We are searching data for your request:
Upon completion, a link will appear to access the found materials.
How can spike-timing-dependent plasticity and homeostatic plasticity both be right? If spike-timing-dependent plasticity consistently tries to strengthen connections, but homeostatic plasticity consistently tries to weaken strong connections, wouldn't the two cancel each other out, causing no net plasticity to occur and consequently brains couldn't learn?
I have a pretty good understanding of spike-timing-dependent plasticity, but I just recently came across homeostatic plasticity and I'm trying to understand how both theories can be right. What am I misunderstanding? Can someone help me understand homeostatic plasticity better and how it applies to spike-timing-dependent plasticity?
Homoestatic plasticity can be used with spike-dependent plasticity given they have two different goals and aren't applied uniformly across neural population. To support this argument, I'm going to use a computation model taken from "Simultaneous unsupervised and supervised learning of cognitive functions in biologically plausible spiking neural networks" by Bekolay et al.
In the model, an ensemble of neurons with input and output weights , is trying to learn how to change their output weights to approximate a given function. PES (STDP rule) changes the output weights of the neurons to approximate. The BCM (homeostatic rule) increases the sparsity of the input weights. When used together as hPES, they allow for less parameter sensitivity of the ensemble and a lower overall spiking rate, allowing the group of neurons to conserve energy.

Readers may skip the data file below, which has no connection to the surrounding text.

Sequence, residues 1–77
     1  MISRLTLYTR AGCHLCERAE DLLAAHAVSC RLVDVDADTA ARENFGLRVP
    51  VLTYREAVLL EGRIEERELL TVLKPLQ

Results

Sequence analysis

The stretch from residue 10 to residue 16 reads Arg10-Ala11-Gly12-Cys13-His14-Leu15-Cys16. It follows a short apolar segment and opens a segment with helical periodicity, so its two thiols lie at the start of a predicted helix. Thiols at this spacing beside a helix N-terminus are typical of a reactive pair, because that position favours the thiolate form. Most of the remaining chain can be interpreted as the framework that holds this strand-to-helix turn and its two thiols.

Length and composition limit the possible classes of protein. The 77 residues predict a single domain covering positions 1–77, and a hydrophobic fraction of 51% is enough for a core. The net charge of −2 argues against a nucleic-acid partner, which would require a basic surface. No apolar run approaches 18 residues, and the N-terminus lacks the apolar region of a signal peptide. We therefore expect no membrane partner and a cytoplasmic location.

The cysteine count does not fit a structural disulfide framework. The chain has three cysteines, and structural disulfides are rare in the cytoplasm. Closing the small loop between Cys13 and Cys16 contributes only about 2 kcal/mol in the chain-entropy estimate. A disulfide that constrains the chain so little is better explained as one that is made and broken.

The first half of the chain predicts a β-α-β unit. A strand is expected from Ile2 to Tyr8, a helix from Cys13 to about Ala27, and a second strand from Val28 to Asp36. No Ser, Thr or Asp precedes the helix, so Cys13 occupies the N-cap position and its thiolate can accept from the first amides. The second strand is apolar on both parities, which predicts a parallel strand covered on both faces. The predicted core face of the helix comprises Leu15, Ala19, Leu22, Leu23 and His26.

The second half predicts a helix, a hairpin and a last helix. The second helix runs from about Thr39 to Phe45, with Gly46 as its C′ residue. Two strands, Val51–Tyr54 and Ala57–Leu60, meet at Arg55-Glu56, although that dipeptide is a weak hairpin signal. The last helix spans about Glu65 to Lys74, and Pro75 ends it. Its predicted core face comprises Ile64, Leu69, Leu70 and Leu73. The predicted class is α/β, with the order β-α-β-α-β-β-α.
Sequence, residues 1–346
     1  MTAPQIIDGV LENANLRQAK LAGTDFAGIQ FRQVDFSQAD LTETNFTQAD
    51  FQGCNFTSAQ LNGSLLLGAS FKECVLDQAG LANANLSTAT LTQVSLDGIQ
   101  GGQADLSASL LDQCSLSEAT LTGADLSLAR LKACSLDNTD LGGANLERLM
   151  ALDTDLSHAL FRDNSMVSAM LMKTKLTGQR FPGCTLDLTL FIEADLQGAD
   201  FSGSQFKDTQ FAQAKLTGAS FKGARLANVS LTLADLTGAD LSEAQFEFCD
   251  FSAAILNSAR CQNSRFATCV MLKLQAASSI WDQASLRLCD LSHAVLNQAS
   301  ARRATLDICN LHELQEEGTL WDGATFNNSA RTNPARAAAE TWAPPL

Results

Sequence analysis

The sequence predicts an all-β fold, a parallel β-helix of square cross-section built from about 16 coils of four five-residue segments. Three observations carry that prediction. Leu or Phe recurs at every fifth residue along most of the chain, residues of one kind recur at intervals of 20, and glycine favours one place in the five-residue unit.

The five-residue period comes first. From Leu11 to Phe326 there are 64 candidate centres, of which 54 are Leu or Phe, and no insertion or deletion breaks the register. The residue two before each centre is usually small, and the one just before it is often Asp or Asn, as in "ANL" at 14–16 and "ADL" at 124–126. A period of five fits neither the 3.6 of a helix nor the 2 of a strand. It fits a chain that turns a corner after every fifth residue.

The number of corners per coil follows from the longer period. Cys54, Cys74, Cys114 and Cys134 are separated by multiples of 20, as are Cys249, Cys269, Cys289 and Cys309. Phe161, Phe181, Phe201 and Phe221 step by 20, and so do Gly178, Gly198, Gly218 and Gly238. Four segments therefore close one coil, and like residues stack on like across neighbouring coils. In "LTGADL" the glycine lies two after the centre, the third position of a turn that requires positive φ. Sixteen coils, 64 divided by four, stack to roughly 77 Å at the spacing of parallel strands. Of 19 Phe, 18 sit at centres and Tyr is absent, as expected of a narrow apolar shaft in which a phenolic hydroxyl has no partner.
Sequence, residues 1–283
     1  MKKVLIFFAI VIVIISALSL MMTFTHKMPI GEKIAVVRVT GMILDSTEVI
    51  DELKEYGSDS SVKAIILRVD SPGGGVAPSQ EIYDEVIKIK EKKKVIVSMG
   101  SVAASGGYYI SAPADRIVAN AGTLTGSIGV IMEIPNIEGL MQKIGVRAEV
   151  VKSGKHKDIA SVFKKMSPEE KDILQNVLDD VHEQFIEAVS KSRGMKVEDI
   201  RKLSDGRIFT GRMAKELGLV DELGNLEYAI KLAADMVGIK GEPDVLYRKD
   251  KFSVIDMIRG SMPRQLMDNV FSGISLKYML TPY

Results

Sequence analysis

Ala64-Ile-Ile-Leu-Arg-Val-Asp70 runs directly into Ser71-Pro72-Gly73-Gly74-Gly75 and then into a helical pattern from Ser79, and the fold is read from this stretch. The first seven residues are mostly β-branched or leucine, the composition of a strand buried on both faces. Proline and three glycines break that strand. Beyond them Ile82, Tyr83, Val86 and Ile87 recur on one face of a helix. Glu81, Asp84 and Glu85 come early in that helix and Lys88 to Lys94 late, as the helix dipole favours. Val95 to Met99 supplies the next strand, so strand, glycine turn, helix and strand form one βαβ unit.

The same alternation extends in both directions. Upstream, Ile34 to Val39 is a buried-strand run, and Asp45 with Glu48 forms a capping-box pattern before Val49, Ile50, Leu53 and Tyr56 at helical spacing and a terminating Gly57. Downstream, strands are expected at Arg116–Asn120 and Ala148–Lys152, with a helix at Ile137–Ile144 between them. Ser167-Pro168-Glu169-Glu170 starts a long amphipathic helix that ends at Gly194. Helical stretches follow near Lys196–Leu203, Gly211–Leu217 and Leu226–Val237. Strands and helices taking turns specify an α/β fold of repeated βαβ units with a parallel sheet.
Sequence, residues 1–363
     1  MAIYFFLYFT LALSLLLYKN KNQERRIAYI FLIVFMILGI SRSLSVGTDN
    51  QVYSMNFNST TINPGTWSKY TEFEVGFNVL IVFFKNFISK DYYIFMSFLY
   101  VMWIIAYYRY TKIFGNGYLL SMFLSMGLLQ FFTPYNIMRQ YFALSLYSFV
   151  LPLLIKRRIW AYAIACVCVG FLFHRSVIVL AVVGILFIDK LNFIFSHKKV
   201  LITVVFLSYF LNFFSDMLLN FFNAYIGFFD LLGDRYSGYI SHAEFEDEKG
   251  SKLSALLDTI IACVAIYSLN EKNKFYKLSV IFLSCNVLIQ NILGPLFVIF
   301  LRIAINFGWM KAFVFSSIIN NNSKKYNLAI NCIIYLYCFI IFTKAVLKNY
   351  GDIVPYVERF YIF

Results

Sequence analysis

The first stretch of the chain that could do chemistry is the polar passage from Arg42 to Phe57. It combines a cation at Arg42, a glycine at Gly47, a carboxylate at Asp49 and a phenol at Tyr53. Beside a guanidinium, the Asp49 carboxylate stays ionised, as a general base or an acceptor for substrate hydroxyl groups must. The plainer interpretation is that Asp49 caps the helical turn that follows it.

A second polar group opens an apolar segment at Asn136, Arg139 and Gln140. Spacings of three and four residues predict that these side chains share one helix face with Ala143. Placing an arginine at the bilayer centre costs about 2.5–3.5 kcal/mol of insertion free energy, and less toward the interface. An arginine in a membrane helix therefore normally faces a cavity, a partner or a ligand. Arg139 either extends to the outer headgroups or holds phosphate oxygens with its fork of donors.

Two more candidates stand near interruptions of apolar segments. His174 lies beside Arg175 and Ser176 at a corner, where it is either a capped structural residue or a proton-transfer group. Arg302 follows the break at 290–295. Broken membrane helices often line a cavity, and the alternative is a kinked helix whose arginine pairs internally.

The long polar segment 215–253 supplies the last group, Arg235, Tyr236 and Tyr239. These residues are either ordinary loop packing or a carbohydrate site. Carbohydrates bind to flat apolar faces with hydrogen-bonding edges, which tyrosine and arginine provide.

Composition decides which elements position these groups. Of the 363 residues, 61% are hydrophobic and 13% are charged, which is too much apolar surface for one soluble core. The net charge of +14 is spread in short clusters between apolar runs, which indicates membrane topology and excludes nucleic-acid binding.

For a visual explanation of what this means, see this blog post.
The key concept is that STDP is synapse specific, whereas homeostatic plasticity is more global. (As an aside, it is incorrect to say that STDP strengthens connections. STDP strengthens connections with pre-before-post spiking relationships, but weakens connections with post-before-pre spiking relationships. You man be thinking of Hebbian plasticity. The following explanation applies to either.) Let's say you have 100 synapses onto your neuron, all of which have a weight of 1. Let's say 10 of them undergo strengthening through Hebb's rule or STDP to achieve a weight of 10, so the total strength of all synapses into the neuron is now 190. Then, when homeostatic plasticity is applied so that the total input to the neuron returns to a value of 100, the 10 strengthened synapses will have a new weight of 10*100/190 = 5.3, and the other 90 synapses will have a new weight of 1*100/190 = 0.53. Therefore, even though the total input to the neuron is held constant, the distribution of those weights changes, so information gained through the initial Hebbian plasticity or STDP is retained.